WASHINGTON — The Trump administration released a list of hard-line immigration principles late Sunday that could threaten to derail a deal in Congress to allow hundreds of thousands of younger undocumented immigrants to remain legally in the country.

The administration’s wish-list includes the funding of a wall along the U.S.-Mexico border, a crackdown on the influx of Central American minors and curbs on federal grants to sanctuary cities, according to a document distributed to Congress and obtained by The Washington Post.

The demands were quickly denounced by Democratic leaders in Congress who had hoped to forge a deal with President Trump to protect younger immigrants, known as “dreamers,” who were brought to the United States illegally as children. Trump announced plans last month to end the Deferred Action for Childhood Arrivals program, an Obama-era program that had provided two-year work permits to the dreamers that he called “unconstitutional.”

About 690,000 immigrants are enrolled in DACA, but their work permits are due to begin expiring in March. Trump met last month with Senate Minority Leader Charles Schumer, D-N.Y., and House Minority Leader Nancy Pelosi, D-Calif., and agreed to try to strike a deal, worrying immigration hawks who feared that Trump would support a bill that would allow dreamers to gain full legal status without asking for significant border security measures in return.

The list released by the administration, however, would represent a major tightening of immigration laws. Cuts to legal immigration also are included.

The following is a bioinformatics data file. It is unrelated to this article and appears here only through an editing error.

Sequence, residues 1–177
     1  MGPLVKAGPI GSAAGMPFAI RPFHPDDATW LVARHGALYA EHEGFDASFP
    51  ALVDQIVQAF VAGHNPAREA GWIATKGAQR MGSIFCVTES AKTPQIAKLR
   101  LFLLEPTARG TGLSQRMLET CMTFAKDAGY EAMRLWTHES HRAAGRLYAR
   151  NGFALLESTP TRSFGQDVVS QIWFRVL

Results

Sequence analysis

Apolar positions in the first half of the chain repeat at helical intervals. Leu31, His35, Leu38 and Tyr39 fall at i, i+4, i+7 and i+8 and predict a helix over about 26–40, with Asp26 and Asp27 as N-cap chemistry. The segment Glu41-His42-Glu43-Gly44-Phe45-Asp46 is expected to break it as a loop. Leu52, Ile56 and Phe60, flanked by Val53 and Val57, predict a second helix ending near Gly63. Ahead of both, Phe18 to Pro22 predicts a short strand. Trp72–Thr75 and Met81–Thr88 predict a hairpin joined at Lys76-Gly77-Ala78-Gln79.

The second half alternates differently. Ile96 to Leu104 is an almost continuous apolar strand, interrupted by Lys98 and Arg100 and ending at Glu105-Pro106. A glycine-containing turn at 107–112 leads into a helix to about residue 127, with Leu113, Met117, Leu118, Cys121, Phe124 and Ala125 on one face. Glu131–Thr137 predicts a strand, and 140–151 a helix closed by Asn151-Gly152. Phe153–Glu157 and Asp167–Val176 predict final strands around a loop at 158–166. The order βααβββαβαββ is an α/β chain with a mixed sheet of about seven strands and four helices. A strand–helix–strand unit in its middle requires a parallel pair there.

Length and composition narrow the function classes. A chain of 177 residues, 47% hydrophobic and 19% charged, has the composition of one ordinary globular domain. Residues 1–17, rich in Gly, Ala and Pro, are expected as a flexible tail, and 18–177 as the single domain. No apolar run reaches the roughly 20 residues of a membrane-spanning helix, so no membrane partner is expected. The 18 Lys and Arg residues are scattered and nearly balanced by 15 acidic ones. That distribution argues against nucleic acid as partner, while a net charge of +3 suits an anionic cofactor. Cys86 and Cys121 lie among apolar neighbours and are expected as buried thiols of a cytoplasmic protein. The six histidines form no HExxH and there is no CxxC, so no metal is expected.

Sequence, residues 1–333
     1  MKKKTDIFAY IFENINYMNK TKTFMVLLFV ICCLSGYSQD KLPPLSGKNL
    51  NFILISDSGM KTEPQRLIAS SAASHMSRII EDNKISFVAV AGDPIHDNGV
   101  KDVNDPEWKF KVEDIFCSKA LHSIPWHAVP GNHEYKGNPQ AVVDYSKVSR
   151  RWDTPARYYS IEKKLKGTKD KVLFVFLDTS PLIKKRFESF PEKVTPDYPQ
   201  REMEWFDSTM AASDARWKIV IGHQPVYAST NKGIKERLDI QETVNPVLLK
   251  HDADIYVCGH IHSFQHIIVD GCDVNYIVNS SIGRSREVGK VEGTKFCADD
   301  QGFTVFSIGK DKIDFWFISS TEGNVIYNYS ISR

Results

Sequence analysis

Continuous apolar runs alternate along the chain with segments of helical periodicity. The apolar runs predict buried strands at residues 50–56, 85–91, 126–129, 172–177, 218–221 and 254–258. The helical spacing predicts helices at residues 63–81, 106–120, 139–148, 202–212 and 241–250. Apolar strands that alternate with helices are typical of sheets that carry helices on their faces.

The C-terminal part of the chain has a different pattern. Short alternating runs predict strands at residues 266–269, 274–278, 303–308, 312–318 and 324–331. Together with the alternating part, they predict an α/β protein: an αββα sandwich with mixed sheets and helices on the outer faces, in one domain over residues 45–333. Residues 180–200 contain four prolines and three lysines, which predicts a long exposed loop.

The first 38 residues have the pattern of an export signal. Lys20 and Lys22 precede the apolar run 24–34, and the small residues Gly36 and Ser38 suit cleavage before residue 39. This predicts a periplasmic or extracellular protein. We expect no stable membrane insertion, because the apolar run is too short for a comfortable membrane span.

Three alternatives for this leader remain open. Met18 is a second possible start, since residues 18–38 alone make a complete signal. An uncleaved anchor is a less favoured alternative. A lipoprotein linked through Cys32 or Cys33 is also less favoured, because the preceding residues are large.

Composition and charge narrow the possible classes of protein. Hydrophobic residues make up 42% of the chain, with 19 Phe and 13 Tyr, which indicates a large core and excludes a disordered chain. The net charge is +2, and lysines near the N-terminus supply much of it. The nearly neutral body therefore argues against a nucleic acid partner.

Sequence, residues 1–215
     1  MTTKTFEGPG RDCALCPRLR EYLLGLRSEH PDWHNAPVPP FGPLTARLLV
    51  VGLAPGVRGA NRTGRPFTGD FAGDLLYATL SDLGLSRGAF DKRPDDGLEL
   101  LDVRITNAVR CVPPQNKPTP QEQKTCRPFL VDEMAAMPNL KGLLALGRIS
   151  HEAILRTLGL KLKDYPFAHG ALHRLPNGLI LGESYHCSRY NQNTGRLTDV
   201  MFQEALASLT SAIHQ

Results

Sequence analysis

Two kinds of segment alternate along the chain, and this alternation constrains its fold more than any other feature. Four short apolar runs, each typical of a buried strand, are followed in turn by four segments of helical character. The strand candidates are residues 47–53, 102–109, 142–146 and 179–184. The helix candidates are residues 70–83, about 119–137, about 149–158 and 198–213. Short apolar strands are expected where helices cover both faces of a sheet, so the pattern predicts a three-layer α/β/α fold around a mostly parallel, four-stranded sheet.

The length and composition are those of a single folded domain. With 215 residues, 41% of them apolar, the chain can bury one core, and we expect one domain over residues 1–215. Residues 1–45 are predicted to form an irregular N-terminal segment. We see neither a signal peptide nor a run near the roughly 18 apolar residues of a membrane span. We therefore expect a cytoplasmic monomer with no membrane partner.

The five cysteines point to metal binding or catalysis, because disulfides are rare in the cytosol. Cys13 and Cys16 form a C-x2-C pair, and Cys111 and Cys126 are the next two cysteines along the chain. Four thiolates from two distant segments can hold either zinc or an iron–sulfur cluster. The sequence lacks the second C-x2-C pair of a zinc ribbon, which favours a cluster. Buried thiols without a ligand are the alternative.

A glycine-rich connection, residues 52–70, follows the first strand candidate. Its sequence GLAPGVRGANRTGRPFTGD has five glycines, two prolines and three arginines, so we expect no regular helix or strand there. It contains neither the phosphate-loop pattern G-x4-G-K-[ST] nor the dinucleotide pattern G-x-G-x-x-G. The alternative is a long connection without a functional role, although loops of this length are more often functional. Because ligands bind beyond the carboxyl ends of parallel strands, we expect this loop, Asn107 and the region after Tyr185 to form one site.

“The administration can’t be serious about compromise or helping the dreamers if they begin with a list that is anathema to the dreamers, to the immigrant community and to the vast majority of Americans,” Schumer and Pelosi said in a joint statement Sunday. “We told the president at our meeting that we were open to reasonable border security measures … but this list goes so far beyond what is reasonable. This proposal fails to represent any attempt at compromise.”

In a conference call with reporters, White House aides described the proposals as a necessary step to protect public safety and jobs for American-born workers, which was a centerpiece of Trump’s campaign. The president has moved to tighten border security since taking office through a series of executive orders, including curbs on immigration and refugees from some majority-Muslim nations and an increase in deportations from the interior of the country.

The number of immigrants who have tried to enter the country illegally across the Mexican border has dropped sharply since Trump took office.

Democrats had hoped that Trump, who had equivocated over the DACA program before deciding to terminate it in the face of a legal challenge from Texas, would be open to crafting a narrow legislative deal to protect the dreamers. But White House aides emphasized they expect Congress to include the principles released Sunday in any package deal, a nonstarter for Democrats and some moderate Republicans.

Trump had said several times over the past month that he did not expect a DACA deal to include funding for a border wall, emphasizing that the money could be included in separate legislation. But ensuring funding for the wall, which is projected to cost more than $25 billion, is the first priority on the list.